Overwatch 2 Review – Here’s how it feels and plays after 200 matches
Overwatch 2 finally released to much fanfare. The game hasn’t had the smoothest launch though. Between eternal server problems and complaints about content, is Overwatch 2 good is a question that is a weirdly relevant question. New format, new heroes, new Battle Pass. It also brings a long plenty of baggage and flaws from the original.
After 200 matches, my Overwatch 2 review is going to cover if the game is actually worthwhile as a successor, or just a splash a paint on the same old Overwatch.
Overwatch 2 feels fresh, but is fundamentally just an evolution
Overwatch 2 has launched with plenty of new additions like a fresh game mode, map, and heroes. The game feels like a polished core Overwatch gameplay, with some adjustments and no major reinventions.
Nothing feels dramatically different from the original Overwatch. Characters look more polished, and everything has had a slight revamp. The game’s colorful world feels fresh again, but visually it’s not a significant improvement. It’s more of a sideways step, gameplay on the other hand has changed.
Gameplay is purely the competitive style matches. Even in unranked, you’re mainly playing longer objective based games. The game does have a way of making the competitive Overwatch ranking system feel more like a lighter and more fun shooter than it should. That’s something Blizzard has managed to keep and even improve on with the sequel. The 5-v-5 format gives a faster pace that keeps things exciting.
There are fewer players in each game, but most of the Overwatch 2 maps are just as big. The maps could stand to have more variety, especially 2CP gone. However, for a launch spread what’s here is enough. Moving tanks to 1 per team changes that role to make them more active participants. However, it recontextualises other roles too. DPS have less to fall back on without a tank, even support has had some changed with a DPS-Moira becoming a dominant force in the game for its early weeks.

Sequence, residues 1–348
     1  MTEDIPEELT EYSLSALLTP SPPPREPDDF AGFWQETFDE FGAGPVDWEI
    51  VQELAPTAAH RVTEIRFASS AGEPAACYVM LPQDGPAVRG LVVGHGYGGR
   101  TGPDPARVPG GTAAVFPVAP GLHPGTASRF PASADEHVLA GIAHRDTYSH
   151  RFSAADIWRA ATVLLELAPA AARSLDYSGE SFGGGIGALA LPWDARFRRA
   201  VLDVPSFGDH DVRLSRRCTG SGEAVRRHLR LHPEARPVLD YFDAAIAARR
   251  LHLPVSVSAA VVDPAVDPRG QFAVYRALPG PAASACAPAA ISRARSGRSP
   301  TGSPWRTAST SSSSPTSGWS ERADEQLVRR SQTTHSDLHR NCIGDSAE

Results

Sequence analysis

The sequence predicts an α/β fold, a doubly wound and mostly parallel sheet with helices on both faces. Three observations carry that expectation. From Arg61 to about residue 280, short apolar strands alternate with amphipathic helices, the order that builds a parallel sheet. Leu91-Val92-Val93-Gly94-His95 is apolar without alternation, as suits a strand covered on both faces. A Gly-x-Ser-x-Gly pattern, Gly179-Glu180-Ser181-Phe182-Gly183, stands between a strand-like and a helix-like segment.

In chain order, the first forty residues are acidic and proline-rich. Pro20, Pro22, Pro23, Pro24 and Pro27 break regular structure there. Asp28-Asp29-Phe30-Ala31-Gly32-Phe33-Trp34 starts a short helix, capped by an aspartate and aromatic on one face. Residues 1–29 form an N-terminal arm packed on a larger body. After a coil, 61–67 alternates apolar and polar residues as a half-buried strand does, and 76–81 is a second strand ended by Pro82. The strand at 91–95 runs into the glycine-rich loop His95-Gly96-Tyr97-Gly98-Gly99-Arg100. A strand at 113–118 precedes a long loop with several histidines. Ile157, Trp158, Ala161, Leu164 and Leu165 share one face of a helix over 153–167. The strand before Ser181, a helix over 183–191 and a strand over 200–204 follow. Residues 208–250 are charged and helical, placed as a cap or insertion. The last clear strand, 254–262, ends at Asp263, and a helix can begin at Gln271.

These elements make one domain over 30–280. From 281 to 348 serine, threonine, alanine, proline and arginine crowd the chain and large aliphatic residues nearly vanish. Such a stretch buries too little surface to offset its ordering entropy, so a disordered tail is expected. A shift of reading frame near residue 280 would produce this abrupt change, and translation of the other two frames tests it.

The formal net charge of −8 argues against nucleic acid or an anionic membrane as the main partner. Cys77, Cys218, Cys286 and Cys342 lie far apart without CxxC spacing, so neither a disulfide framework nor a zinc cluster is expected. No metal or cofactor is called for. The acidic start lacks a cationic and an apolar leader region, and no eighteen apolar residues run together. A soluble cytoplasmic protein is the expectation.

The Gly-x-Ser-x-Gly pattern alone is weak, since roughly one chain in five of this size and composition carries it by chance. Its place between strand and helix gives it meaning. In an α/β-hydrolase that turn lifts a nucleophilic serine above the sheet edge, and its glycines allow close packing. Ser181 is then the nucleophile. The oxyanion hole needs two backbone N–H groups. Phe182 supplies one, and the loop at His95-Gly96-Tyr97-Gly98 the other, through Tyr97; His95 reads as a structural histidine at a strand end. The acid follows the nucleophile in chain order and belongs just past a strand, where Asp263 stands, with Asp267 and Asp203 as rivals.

Faster and More Fun
Overwatch’s faster pace does a lot to make the game more interesting. You’re not queuing for a lengthy game that’s lost just by your teammate’s choice of hero. One less tank makes gameplay more frantic, and feel more like it’s based on skill. With all the heroes having been rebalanced, most of them feel viable now. The balance, as of right now, lacks some of the major issues that made the first game a slog for months at a time.
The game promotes aggressive fights right now without heavy tank shields weighing everything down. It feels less like a test of your team composition and more an actual face-off with your mechanics being tested, a major improvement.
Overwatch 2’s New Player Experience
Overwatch has 35 heroes. That’s a lot for a new player to pick up on the fly. The tutorials for new players introduce you to the general idea of abilities and different heroes through a full tutorial for Soldier. That’s what they give you to learn how to play Overwatch 2. Then you’re let lose on the game!
Most players brand new to Overwatch aren’t getting an explanation for any character beyond Soldier unless they seek it out independently. Overwatch 2 shouldn’t hold your hand. Resources for new players to get to know abilities in a more structured way would have been an easy way to ease people into the world though. It’s a weird omission given the entire tutorial present for soldier.